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20 years on, what is the legacy of Princess Diana?

PUBLISHED: 14:43 01 August 2017 | UPDATED: 11:55 29 August 2017

ROYAL FAMILY
PRINCESS DIANA VISIT TO RIDDLESWORTH HALL
APRIL 1989
PRINT C2016
NEG B04770-30A

ROYAL FAMILY PRINCESS DIANA VISIT TO RIDDLESWORTH HALL APRIL 1989 PRINT C2016 NEG B04770-30A

Archant

It’s a bit like living in a timewarp with the papers full of Princess Diana again. I remember discovering the news of her death in 1997 from a friend who was staying with us that night. ‘Dodi’s died,’ he said, adding, in disbelief: ‘And Diana.’

The Princess had been so much a part of our lives for so long and was such an icon, that it came as a huge shock to discover that she was also mortal.

I was working in London then and remember many of my colleagues taking time out to go to Kensington Palace to pay tribute.

I didn’t join them, nor did I add to the pile of rotting flowers in cellophane that so many people seemed to feel was the appropriate response.

It seemed strange to me that people could be so bereft at the death of a person they had never known.

Diana remains divisive.

Even now a row is ongoing about a proposed Channel 4 documentary in which private tapes Diana made with her speech coach, talking in detail about her marriage, are to be aired.

Her sons collaborated on a hagiographical documentary last week for ITV, so surely they can’t now complain if other TV companies want a piece of the action, right?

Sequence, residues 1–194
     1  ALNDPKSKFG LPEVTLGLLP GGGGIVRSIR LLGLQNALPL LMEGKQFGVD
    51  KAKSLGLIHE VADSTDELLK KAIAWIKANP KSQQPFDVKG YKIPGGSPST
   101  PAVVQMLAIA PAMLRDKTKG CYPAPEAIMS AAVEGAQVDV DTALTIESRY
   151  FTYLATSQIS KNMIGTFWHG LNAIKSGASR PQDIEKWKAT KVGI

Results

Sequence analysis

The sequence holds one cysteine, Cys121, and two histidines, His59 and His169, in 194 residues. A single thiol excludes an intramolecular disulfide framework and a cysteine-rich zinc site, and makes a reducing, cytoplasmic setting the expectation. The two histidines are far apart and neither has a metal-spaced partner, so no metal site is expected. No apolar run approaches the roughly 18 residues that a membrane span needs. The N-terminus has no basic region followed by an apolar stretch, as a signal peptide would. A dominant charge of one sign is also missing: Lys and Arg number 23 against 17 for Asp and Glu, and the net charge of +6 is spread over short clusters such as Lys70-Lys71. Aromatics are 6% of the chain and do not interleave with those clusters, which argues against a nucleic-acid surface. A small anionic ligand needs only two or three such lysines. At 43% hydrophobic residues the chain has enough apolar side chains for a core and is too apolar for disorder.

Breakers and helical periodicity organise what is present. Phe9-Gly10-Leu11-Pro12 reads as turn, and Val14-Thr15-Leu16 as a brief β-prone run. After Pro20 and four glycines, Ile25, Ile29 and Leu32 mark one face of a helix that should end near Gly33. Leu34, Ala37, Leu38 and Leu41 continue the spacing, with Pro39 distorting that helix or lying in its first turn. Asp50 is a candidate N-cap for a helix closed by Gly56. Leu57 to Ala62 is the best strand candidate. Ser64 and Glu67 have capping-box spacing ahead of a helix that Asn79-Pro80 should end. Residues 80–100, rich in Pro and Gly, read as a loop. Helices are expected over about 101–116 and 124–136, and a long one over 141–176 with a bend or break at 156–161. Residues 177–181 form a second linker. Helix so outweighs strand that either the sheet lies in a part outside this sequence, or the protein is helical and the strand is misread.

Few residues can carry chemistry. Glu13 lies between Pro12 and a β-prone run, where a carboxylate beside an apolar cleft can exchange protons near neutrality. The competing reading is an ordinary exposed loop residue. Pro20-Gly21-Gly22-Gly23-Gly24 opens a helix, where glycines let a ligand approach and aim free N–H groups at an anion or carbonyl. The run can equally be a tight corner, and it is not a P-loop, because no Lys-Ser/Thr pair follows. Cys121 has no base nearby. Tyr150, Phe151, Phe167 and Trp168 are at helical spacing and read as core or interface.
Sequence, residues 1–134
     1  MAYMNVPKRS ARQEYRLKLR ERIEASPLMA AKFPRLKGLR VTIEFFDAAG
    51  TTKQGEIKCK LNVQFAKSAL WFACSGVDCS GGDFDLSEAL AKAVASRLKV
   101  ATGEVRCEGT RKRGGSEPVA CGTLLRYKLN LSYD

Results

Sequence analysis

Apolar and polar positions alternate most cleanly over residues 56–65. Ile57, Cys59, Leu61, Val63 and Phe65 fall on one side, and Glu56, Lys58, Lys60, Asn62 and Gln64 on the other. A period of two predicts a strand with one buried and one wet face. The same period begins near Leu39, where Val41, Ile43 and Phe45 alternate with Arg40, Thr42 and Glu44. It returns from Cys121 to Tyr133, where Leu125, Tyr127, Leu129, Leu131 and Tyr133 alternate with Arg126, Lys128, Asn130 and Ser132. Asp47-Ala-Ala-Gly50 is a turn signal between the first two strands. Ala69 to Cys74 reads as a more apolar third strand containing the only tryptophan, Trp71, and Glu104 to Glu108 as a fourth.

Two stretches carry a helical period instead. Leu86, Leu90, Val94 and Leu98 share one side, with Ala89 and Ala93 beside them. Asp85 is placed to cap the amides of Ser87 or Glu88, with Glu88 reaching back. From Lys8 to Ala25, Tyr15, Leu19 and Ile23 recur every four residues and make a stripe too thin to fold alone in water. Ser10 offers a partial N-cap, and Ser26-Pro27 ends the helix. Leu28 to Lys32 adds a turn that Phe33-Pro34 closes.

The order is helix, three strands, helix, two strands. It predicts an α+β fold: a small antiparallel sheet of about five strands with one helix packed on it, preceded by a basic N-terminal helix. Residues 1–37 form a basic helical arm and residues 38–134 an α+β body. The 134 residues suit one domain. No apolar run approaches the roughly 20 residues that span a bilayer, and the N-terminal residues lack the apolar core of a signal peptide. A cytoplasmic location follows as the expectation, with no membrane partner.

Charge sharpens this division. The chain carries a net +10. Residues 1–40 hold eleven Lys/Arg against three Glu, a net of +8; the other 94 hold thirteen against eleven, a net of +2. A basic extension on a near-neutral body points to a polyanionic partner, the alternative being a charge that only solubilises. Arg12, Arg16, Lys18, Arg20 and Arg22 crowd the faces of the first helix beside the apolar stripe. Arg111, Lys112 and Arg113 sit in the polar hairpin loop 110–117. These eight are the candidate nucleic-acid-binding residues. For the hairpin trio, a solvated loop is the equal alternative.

Actually, I think they can.

Anything said in a therapy setting should be sacrosanct.

The tapes should have been destroyed.

Since they haven’t been however, it is only to be expected that people will want to see them – and the tapes won’t ultimately change how she is remembered, they will merely reinforce what we already know.

Diana was a decent person who endeavoured to use her enormous media power for good.

Her work with AIDS patients, the homeless and on landmines was groundbreaking.

She wasn’t afraid to stick her neck out or be mocked when she saw injustice and believed she could help.

She made mistakes, as anyone in a disintegrating marriage does. But she was human, and people liked this.

They had never seen a human Royal before.

I never subscribed to all that People’s Princess stuff and I don’t regret not adding my flowers to the pile.

My mother always counselled against flowers in cellophane.

Every flower, she said, deserves its chance to bloom.

But 20 years after her death it seems to me now that Diana did get her chance.

And there is something for us all in the fact that she really made the most of it.

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